There were times over the course of the first half of this past year when I wondered if we would trip at all this summer....
It all began just a few days before Christmas, 2005, when what I thought was a case of flu turned out to be a rupturing appendix. The surgeon was able to remove it in time, but not before it started to rupture, leaving me with a nasty post-surgery infection.
While I was home in time for Christmas, it would be many weeks before I would start to regain my health. In the course of an ultrasound a few weeks later, a mass of gallstones was found in my gall bladder, which at least partially explained why my recovery was so slow. Ultimately, in June, my gall bladder joined my appendix in the exodus from my body.
I was not the only one in my family to face challenges over the past nine months. Our oldest son, Taylor, had to cope with the hormonal bombardment that comes with adolescence, as well as a couple of serious bike crashes that set his promising triathlon career back a bit.
Our cocker spaniel, Daphne, also got into the act. She delivered a batch of 5 beautiful puppies at the end of May. All was going well for the first 48 hours, when my wife, Sherry, discovered one was "cold" in the middle of the night, meaning that it wasn’t feeding for some reason, and its life span would be measured in hours, minutes even, unless we intervened. So, hours before I was to go in for my surgery, as Sherry performed CPR, I broke out the formula and baby bottles, beginning a three-week long effort to ultimately successfully rescue the puppy we all came to know as Ridge (he had a distinct ridge line of hair on top of his head), who required feeding about every 3 hours ‘round the clock for the next three weeks.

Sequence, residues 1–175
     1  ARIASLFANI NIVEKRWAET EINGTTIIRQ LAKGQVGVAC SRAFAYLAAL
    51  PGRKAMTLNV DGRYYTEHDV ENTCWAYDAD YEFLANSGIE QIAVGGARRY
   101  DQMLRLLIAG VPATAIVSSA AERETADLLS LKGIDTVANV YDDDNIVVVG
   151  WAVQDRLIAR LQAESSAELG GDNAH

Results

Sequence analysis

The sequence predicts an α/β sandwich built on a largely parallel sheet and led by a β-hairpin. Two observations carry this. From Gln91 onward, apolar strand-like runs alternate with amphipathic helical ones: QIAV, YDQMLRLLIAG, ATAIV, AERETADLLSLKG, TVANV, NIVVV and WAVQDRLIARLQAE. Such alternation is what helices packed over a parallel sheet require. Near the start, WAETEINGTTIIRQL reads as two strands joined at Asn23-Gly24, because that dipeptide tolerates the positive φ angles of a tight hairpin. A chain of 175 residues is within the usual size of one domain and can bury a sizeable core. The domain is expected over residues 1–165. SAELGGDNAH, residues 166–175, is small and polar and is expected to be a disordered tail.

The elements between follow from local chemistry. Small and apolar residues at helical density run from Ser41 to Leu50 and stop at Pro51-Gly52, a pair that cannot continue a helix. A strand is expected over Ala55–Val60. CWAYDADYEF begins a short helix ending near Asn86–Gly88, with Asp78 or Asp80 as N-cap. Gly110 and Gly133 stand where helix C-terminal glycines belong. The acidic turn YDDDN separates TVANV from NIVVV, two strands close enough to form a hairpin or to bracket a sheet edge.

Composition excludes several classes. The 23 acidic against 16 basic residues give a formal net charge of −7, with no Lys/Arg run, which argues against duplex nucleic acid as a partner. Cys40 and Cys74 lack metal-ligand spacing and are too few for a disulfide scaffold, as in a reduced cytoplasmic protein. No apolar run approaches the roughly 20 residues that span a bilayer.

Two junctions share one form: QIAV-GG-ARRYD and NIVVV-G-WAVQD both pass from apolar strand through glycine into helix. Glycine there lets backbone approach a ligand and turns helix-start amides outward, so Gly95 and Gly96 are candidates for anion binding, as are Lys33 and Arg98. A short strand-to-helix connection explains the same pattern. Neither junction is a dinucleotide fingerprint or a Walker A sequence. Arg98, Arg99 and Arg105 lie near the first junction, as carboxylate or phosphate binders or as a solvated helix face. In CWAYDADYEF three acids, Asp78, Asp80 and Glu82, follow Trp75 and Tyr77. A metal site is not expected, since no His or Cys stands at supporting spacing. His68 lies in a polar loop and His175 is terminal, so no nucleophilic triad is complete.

Then, just to complete the picture in late June, our youngest son, Liam, after having spent a couple of days on the couch with a bad stomach ache, needed his appendix out, as well. The surgeons managed to get it just before it was ready to burst. Like his brother, Liam’s triathlon season was on hold.
Sherry was the only one whose health remained intact during the course of these events, but the stress of keeping things together no doubt took its toll on her.
Eventually, the puppies all grew and flourished, and were sent off to waiting homes. Everyone’s health returned, and luckily, all coincided with the start of summer. Re-reading one of my favourite short stories, Ernest Hemingway's "Big Two-Hearted River", a tale about physical and emotional convalescence set in the wilderness, helped to get me in the right frame of mind.
Day 1 - August 16
One of the lessons we learned from last year's tripping was the need to drastically reduce our weight. Losing my appendix and gall bladder wasn't part of that plan, but we did manage to purchase more lightweight gear. Still, with two growing boys (age 14 and 12), we knew that we weren't going to be able to fit all the necessary gear, humans and dog into our 17' canoe.
Enter Camp Olympia. Set on a tranquil lakeside on Limberlost Rd just outside of Huntsville, Olympia has a well-known and deserved reputation for being one of North America's premier sports camps. Last year, Taylor attended with his school, and Liam took part in the triathlon camp. Both were eager to return. So, while Liam was off at guitar camp (yes, guitar camp, where he mastered Stairway to Heaven), the three of us packed up and headed off for Opeongo.